Economics in a picture
The exit of low productivity firms contributed to productivity growth in Portugal
The computation of productivity using firm-level data allows identifying the contribution of the different types of firms for aggregate productivity growth. In each year, can be identified three types of firms operating in the economy: new or entering firms (firms that initiate their activity in that year), exiting firms (firms that cease their activity) and surviving firms (firms which were active and survive to the next year). Productivity growth may be seen as the result of efficiency gains within the surviving firms (within effect), efficiency gains from reallocation of resources between these firms (between effect) and efficiency gains from the reallocation of resources through the exit and entry of firms.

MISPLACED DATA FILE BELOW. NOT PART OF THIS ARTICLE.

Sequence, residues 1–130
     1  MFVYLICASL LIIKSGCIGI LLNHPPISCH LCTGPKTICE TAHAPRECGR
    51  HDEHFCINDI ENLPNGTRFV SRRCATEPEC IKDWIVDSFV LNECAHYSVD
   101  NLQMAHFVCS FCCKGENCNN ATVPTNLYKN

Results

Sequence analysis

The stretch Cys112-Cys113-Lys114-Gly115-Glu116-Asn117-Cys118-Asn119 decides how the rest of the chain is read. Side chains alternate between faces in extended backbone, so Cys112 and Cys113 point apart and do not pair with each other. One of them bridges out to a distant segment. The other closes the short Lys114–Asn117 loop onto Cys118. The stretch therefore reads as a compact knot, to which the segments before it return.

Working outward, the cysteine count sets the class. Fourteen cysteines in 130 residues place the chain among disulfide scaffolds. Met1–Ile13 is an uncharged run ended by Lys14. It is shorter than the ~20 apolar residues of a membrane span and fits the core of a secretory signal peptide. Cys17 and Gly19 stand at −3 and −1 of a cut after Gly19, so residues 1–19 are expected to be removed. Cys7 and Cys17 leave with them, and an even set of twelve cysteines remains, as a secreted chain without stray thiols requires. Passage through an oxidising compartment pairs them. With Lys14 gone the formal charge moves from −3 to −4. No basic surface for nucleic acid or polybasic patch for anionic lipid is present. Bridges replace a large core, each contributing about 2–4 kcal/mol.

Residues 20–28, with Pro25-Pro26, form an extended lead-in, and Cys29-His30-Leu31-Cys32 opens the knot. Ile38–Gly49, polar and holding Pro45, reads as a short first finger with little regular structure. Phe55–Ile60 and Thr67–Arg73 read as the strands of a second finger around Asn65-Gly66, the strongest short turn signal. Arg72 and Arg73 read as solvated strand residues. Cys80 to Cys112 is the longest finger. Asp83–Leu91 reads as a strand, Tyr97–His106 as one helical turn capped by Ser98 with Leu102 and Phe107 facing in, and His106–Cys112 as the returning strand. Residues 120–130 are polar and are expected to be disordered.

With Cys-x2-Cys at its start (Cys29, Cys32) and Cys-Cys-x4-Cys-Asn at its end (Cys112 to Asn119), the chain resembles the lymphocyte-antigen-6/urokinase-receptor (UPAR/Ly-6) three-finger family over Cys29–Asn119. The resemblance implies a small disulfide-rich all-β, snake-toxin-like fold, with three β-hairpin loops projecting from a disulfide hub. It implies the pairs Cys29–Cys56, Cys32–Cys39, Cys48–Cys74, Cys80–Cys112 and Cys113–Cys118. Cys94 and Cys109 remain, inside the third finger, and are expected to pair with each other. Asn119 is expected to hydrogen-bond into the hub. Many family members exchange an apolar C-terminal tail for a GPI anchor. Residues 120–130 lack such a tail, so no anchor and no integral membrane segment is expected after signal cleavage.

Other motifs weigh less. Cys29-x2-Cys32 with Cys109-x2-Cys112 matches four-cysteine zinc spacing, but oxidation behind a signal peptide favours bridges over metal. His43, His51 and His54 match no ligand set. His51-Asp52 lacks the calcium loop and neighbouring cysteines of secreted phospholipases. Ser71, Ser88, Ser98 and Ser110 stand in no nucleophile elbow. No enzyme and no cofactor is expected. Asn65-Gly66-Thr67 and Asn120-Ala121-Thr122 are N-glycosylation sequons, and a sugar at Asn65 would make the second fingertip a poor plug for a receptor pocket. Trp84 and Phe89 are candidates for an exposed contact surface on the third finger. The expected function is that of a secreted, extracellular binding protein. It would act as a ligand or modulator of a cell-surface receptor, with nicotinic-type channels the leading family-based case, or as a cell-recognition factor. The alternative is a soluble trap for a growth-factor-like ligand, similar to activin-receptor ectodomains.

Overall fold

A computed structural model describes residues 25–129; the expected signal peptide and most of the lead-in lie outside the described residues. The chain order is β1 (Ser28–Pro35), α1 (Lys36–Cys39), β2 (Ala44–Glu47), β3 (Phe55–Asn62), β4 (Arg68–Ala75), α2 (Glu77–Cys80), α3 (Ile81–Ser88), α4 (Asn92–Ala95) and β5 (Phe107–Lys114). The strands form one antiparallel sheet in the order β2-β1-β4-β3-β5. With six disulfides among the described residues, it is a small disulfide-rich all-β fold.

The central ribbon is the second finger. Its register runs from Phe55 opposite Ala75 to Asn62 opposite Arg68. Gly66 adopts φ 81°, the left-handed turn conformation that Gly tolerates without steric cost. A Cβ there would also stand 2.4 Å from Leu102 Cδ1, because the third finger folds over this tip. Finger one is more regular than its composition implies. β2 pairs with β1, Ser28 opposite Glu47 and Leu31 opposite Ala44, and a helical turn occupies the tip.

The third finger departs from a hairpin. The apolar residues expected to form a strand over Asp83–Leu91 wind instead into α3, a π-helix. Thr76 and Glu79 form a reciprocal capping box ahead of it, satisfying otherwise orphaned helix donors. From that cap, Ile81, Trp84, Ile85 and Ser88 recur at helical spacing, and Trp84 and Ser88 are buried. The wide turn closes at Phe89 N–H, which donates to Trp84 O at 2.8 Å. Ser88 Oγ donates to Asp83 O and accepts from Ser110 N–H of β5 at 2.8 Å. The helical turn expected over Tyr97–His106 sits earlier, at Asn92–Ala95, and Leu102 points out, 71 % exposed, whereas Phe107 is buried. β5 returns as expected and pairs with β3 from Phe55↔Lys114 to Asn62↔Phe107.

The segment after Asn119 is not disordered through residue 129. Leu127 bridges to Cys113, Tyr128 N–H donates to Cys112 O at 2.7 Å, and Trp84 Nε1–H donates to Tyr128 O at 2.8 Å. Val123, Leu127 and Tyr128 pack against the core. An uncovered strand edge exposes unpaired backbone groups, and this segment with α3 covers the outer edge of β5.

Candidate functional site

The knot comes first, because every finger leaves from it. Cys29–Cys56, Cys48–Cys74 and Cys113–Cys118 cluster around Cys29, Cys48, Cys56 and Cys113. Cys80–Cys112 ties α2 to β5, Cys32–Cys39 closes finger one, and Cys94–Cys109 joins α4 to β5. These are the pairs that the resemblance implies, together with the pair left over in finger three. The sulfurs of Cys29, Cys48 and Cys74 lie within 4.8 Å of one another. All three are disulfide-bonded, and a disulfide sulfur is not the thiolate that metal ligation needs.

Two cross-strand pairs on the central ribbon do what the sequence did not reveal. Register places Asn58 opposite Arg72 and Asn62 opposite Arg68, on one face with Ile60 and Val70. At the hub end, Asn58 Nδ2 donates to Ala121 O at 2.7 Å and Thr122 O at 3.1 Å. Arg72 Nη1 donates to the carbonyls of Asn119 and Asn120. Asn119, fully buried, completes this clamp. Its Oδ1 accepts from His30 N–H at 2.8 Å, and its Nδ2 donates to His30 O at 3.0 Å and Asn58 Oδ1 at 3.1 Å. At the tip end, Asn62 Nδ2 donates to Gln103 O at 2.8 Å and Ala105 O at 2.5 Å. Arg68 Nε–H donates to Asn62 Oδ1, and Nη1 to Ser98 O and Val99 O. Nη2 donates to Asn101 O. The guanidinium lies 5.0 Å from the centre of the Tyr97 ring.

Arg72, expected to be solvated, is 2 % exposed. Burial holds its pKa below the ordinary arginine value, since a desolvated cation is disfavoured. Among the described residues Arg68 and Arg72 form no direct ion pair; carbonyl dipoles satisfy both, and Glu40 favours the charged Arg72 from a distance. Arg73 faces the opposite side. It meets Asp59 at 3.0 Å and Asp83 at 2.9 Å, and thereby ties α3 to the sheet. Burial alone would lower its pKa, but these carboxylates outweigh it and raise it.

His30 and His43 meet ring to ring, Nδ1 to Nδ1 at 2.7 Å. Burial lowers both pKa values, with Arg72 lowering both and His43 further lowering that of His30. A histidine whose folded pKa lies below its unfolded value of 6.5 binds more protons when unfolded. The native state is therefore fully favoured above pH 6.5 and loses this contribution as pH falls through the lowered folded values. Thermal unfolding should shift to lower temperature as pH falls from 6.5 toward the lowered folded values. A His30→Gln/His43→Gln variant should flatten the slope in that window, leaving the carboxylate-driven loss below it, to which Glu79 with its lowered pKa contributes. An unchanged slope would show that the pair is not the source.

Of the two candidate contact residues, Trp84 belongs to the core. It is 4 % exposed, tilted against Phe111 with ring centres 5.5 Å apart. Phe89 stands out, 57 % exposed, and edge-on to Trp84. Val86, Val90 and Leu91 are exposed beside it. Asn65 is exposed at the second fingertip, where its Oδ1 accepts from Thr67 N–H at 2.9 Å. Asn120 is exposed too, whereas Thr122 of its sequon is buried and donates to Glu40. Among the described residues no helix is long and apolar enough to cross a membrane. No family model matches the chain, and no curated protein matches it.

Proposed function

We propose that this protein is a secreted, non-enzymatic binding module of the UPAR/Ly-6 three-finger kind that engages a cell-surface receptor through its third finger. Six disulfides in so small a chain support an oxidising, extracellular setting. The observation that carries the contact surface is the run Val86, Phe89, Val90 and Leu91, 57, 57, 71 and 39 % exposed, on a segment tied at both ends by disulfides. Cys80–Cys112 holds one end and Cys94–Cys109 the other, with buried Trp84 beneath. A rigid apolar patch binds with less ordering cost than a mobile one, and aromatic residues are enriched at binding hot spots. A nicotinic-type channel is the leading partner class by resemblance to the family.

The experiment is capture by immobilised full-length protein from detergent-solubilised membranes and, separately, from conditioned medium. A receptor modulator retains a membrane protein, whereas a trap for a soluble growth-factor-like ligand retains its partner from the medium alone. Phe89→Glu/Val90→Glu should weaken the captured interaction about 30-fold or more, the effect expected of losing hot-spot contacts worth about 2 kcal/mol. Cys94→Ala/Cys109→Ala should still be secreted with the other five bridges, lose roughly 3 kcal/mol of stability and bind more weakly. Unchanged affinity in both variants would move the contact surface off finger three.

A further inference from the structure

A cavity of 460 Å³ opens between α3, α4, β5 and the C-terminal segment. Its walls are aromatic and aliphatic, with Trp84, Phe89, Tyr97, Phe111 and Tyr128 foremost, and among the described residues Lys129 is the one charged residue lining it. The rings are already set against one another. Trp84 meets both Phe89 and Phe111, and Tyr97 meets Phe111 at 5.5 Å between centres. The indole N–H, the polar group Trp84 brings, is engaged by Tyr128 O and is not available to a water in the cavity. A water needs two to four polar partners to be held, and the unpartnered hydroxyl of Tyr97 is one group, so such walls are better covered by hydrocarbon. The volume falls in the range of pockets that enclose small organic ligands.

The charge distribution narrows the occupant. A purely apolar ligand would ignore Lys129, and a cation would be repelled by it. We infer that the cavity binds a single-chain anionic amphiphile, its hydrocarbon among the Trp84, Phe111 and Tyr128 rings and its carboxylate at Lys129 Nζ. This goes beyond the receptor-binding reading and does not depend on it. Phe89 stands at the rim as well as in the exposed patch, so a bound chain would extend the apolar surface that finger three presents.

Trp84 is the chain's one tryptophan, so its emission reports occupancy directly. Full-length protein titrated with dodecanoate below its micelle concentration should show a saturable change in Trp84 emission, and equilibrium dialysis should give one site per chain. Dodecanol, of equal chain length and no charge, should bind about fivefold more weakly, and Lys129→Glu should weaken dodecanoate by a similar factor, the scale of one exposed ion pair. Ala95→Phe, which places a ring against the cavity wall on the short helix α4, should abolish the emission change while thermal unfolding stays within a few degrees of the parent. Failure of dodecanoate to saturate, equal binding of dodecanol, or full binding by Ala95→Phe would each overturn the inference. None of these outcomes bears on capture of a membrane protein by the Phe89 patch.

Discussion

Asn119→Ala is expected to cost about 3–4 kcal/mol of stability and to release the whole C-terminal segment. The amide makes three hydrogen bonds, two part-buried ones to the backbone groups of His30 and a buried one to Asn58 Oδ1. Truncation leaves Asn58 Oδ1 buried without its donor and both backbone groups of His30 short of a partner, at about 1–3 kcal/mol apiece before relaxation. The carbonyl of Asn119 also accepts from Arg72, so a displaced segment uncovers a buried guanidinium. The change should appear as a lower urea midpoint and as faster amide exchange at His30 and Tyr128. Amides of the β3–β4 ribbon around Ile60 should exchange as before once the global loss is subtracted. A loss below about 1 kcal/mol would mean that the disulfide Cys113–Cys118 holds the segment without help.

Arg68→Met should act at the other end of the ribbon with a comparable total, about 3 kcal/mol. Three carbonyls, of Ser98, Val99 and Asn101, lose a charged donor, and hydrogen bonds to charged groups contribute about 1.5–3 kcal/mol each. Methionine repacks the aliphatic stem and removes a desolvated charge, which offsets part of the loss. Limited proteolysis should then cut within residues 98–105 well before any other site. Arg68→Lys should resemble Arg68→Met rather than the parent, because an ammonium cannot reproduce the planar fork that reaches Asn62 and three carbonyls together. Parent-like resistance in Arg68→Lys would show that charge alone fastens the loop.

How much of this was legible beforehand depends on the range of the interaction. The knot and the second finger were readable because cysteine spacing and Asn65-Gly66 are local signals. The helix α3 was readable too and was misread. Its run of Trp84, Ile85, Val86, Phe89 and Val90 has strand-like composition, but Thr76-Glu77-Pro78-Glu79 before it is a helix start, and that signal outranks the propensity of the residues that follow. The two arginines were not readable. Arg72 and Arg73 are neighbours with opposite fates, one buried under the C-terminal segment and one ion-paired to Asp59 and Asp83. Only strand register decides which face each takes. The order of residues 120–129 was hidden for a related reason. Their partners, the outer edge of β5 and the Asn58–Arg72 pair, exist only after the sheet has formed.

The Chart shows the decomposition of productivity growth for non-financial firms during 2006-2015, for two common productivity measures: gross value added (GVA) per worker and total factor productivity (TFP). Even though its relative importance varies across the two measures, it is seen that productivity growth was affected positively by exiting firms and negatively by entering firms (especially so, in case of TFP). This reflects the fact that both entering and exiting firms display, on average, lower productivity levels than surviving firms. In turn, for surviving firms there is a positive contribution of the within effect and a negative contribution of the between effect. That is, the increase in productivity stemming from innovation, creation of better and more efficient technologies or adoption of better management practices by firms, was partially offset by intensified resource reallocation towards low productivity firms.
For further details, see Daniel A. Dias and Carlos Robalo Marques, “From Micro to Macro: A Note on the Analysis of Aggregate Productivity Dynamics Using Firm-Level Data” Banco de Portugal, WP/201920.
Prepared by Carlos Robalo Marques. The analysis, opinions, and findings expressed above are those of the author and do not necessarily coincide with those of Banco de Portugal or the Eurosystem.
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